Outpatient parenteral antibiotic therapy in patients with haematological malignancies. A pilot study of an early discharge strategy

E Johansson, M Björkholm, R Wredling, M Kalin, P Engervall
Supportive Care in Cancer 2001, 9 (8): 619-24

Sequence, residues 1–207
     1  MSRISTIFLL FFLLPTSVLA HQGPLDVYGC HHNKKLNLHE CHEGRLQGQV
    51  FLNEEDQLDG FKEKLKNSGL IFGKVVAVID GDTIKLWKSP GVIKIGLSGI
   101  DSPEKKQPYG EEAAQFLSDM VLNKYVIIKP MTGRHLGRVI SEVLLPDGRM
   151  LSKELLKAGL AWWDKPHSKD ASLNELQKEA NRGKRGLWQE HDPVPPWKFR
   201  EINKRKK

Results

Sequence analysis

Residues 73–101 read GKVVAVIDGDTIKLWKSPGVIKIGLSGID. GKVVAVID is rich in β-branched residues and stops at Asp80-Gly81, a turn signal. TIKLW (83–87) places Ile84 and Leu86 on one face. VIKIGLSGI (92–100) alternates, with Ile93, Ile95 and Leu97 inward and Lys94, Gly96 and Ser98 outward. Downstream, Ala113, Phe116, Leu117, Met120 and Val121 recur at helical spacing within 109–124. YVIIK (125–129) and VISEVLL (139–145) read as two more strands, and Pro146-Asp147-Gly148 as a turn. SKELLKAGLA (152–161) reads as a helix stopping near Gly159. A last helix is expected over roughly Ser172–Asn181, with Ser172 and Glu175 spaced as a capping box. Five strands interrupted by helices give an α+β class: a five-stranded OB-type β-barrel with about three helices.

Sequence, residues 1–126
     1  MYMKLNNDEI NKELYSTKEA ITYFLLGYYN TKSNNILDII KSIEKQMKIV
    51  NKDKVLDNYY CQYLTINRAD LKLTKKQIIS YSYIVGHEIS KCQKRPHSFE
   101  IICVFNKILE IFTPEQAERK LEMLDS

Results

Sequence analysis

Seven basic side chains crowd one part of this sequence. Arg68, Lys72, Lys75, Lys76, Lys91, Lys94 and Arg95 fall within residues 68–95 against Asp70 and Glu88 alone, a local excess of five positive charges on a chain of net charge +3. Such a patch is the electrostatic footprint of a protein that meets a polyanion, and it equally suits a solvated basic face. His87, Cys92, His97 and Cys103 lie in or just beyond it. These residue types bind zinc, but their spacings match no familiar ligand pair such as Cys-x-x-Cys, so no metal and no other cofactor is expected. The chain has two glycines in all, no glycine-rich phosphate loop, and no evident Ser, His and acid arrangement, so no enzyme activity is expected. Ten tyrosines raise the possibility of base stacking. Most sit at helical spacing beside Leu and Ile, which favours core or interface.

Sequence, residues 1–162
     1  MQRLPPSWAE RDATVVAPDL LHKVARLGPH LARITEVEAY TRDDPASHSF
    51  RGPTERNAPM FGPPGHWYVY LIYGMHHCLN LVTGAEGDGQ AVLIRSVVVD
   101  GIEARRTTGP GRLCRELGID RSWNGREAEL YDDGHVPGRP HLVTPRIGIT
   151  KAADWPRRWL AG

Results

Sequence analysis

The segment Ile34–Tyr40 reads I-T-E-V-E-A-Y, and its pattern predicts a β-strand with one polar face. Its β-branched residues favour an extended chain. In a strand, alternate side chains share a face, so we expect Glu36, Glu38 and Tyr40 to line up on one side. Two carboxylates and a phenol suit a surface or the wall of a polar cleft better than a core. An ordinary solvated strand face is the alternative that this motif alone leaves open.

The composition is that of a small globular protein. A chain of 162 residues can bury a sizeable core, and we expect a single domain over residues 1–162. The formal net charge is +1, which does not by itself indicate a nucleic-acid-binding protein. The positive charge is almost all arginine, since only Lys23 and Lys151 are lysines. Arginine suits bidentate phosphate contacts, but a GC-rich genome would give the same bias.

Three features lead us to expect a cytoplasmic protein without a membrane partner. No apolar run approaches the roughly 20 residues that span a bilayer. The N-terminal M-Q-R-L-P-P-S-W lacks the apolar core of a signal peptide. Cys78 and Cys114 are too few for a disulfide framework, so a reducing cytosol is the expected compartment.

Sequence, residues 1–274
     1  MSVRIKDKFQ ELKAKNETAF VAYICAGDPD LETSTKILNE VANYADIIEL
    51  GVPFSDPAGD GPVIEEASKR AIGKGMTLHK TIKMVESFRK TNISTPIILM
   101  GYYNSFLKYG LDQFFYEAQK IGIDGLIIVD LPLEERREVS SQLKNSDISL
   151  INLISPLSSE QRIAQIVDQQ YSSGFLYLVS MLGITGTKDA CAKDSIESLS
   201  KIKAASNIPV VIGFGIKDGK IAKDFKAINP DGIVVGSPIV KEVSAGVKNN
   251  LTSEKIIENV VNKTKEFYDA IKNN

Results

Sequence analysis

The objectives of this study were to estimate the feasibility of a self-administration outpatient parenteral antibiotic therapy (OPAT) model. to record the complication rate and to estimate patient acceptance during the OPAT period in patients with acute leukaemia (AL) or aggressive non-Hodgkin lymphoma (NHL). Patients were trained to administer the antibiotic infusions themselves, via their central venous access device, according to a checklist and step-by-step instructions. Study-specific questionnaires were used to evaluate patient acceptance. Eleven patients [AL (n=8) and NHL (n=3), median age 51 years, range 29-661 participated in the education programme and subsequent OPAT during ten episodes of documented infection and six episodes of fever of unknown aetiology. All patients had assessment of the infectious episode and initial parenteral antibiotic therapy in the hospital before they continued self-administration at home. The median education time was 3 h (range 0.75-4.5). The patients could stay at home for 4 days (median, range; 1-12) with ongoing intravenous antibiotic therapy instead of being hospitalised. None of the patients developed recurrent fever. All patients reported that OPAT was of great value and they would favour OPAT again during subsequent antibiotic therapy. In conclusion, the results of this pilot series suggest that OPAT, in this setting, is a safe alternative during the last days of an episode of fever / infection. All patients were satisfied overall, and none was readmitted.

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